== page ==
In this study, the researchers discovered a novel “non-canonical” pathway in which NMDA receptors residing inside the cell are stimulated by a neuroactive steroid to migrate to the cell surface (a process known as trafficking), thus increasing the number of receptors available for glutamate activation. The researchers treated neural cells from the cerebral cortex with the novel steroid pregnenolone sulfate (PregS) and found that the number of working NMDA receptors on the cell surface increased by 60 to 100 percent within 10 minutes. The exact mechanism by which this occurs is not completely clear, but it appears that PregS increases calcium ions within the cell, which in turn produces a green light signal for more frequent trafficking of NMDA receptors to the cell surface.
Although still in the early stages, further research in this area may be instrumental in the development of treatments not only for schizophrenia, but also for other conditions associated with malfunctioning NMDA receptors, such as age-related decreases in memory and learning ability.
View the paper online here: http://molpharm.aspetjournals.org/content/early/2013/05/28/mol.113.085696.full.pdf+html
Citation Information: Emmanuel Kostakis, Conor Smith, Ming-Kuei Jang, Stella C. Martin, Kyle G. Richards, Shelley J. Russek, Terrell T. Gibbs, David H. Farb. The neuroactive steroid pregnenolone sulfate stimulates trafficking of functional NMDA receptors to the cell surface via a non-canonical G-protein and Ca++ dependent mechanism.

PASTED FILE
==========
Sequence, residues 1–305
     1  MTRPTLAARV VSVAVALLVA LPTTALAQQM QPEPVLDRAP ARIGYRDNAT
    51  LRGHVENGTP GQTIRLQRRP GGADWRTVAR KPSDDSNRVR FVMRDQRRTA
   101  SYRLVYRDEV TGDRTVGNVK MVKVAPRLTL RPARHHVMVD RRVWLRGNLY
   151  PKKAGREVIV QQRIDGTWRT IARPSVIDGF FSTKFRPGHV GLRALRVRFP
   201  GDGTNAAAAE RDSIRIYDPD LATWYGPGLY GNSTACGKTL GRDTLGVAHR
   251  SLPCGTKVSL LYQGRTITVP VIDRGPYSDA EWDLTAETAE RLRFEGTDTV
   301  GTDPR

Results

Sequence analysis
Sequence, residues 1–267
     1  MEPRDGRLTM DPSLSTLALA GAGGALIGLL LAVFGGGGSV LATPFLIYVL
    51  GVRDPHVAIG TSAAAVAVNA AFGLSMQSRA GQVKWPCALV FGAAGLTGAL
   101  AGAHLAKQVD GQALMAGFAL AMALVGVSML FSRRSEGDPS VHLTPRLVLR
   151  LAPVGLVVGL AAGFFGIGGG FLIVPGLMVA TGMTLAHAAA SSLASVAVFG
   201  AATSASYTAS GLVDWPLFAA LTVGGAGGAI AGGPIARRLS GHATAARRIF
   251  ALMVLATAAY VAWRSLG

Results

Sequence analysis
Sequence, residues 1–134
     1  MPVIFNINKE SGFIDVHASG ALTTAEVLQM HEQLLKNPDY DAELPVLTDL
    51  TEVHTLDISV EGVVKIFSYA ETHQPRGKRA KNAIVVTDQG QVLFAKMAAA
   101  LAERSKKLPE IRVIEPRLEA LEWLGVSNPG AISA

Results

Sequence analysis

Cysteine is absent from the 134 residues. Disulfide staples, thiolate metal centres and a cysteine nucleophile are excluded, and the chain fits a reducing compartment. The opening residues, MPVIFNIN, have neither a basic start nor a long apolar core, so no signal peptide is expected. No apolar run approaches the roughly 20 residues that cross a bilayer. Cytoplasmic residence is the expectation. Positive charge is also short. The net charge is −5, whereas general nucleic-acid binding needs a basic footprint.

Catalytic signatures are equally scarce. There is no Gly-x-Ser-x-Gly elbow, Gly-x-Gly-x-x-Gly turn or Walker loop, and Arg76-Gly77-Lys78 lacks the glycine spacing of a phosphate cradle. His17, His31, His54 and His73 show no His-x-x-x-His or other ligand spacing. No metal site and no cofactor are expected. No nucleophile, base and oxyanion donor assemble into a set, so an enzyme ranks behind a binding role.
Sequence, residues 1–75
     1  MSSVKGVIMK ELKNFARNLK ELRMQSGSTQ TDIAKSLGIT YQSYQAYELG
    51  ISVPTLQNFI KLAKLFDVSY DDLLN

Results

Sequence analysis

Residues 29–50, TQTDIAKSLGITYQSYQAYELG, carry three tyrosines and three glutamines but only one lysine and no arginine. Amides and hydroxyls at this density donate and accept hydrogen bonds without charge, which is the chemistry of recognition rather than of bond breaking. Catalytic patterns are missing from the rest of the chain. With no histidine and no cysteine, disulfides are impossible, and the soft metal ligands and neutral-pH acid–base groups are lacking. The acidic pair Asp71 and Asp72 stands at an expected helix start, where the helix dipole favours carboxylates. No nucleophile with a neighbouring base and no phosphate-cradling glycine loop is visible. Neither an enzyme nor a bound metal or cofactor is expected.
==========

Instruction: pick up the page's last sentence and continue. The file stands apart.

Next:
Finding could reduce need for blood donations, speed up research on therapies to treat diseases
A study led by Boston University School of Medicine has identified a novel approach to create an unlimited number of human red blood cells and platelets in vitro. In collaboration with Boston University School of Public Health (BUSPH) and Boston Medical Center (BMC), the researchers differentiated induced pluripotent stem (iPS) cells into these cell types, which are typically obtained through blood donations. This finding could potentially reduce the need for blood donations to treat patients requiring blood transfusions and could help researchers examine novel therapeutic targets to treat a variety of diseases, including sickle cell disease.
Published online in the journal Blood, the study was led by George J. Murphy, PhD, assistant professor of medicine at BUSM and co-director of the Center for Regenerative Medicine (CReM) at Boston University and BMC and performed in collaboration with David Sherr, PhD, a professor in environmental health at BUSM and BUSPH.
iPS cells are derived by reprogramming adult cells into a primitive stem cell state that are capable of differentiating into different types of cells. iPS cells can be generated from mature somatic cells, such as skin or blood cells, allowing for the development of patient-specific cells and tissues that should not elicit inappropriate immune responses, making them a powerful tool for biological research and a resource for regenerative medicine.
In this study, the iPS cells were obtained from the CReM iPS Cell Bank. The cells were exposed to growth factors in order to coax them to differentiate into red blood cells and platelets using a patented technology. These stem cells were examined in depth to study how blood cells form in order to further the understanding of how this process is regulated in the body.